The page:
The behavior change approach draws from the most effective behavioral strategies and concepts found in 3 evidence-based treatments: CRAFT (Community Reinforcement and Family Training), Motivational Interviewing (MI), and ACT (Acceptance and Commitment Therapy). Put simply, the Invitation to Change Approach brings science and kindness together: evidence-based strategies (communication and reinforcement tools) are combined with compassion and care, making a wealth of research-supported and clinically tested knowledge accessible, practical, and understandable for those who need it most. This course includes a brief 3-part introduction to the Invitation to Change approach.
Introduction: An Invitation to You
Presenting the Invitation to Change as a wheel made strong by eight spokes—the eight sections of this approach—all connected to the hub of practice.
Part One: Helping with Understanding
In this section, we begin to create the conditions for change. After all, change—more specifically, a shift from old, less constructive behaviors to new, more constructive behaviors—is what we are “inviting” with ITC. In this part, we offer families new ways to see a loved one’s behavior and new ways to understand the situation. By looking at the problem from a different perspective, they can start to create an environment in their home and a sense of possibility in their relationship that will help everyone take steps toward positive change.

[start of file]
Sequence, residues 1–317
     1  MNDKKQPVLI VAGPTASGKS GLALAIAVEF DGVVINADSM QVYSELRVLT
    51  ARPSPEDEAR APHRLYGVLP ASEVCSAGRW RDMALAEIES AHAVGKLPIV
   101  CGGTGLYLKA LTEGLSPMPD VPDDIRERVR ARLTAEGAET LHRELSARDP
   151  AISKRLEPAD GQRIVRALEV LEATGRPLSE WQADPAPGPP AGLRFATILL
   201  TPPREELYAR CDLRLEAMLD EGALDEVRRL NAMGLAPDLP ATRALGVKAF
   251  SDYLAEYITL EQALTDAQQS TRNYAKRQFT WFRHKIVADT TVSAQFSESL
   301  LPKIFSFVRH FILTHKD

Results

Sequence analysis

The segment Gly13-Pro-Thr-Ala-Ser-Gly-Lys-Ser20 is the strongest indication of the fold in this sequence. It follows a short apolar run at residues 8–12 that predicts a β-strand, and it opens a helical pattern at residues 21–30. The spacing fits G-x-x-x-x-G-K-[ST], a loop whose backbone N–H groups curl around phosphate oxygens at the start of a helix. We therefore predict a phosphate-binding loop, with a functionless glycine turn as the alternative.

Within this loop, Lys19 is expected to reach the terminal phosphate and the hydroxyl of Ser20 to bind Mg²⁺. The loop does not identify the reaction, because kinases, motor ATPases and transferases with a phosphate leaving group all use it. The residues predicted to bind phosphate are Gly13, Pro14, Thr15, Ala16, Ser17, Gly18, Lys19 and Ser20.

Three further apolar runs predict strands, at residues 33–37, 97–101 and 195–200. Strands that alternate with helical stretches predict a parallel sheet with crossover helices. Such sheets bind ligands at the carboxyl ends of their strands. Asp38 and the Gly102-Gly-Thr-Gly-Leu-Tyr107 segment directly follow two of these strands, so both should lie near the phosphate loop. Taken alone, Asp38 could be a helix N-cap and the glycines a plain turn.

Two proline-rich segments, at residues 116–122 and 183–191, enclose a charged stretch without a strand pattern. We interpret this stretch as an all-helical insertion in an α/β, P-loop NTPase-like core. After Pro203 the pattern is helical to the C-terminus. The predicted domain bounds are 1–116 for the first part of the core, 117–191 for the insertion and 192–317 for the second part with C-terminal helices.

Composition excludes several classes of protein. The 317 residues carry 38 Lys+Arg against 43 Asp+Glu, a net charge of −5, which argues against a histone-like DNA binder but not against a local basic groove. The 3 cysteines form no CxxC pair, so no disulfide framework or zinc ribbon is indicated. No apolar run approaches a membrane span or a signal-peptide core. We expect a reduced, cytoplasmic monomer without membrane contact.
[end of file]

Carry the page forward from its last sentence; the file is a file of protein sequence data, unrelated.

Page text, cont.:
Part Two: Helping with Awareness
In part one, families work through some new ways to understand their loved one’s behavior. This part invites them to include themselves in the change process by focusing on their experience. Increasing their awareness of themselves—their emotions, reactions, values, and personal limits—makes a huge difference in being more effective helpers. We often describe this part of helping as “what I can do on the inside.” The final part, “Helping with Action,” addresses what they can do “on the outside.”
Part Three: Helping with Action
In this section, we offer practical communication and behavior tools participants can use to improve their interactions with their loved one. We know that despite one’s good intentions, conversations with loved ones can go off course and become unproductive. Communication often takes a serious hit during times of stress and heightened emotion, and in the face of scary behaviors like misusing substances, discussions tend to focus on the latest disappointment or the last time the loved one used. A goal in this section is to help a loved one develop varied, healthy behavioral tools that allow them to thrive and to navigate life.
How it works
First, watch a video presentation by Dr. Nicole Kosanke. Then, take a quiz and complete the course evaluation to receive your certificate.
- Video Presentation (1 hour)
About the Presenter
Nicole Kosanke, Ph.D. Dr. Kosanke is a Clinical Psychologist and Director of Family Services at the Center for Motivation and Change’s outpatient division in NYC, where she specializes in working with family members of people abusing substances and in the assessment process for families and individuals. Read more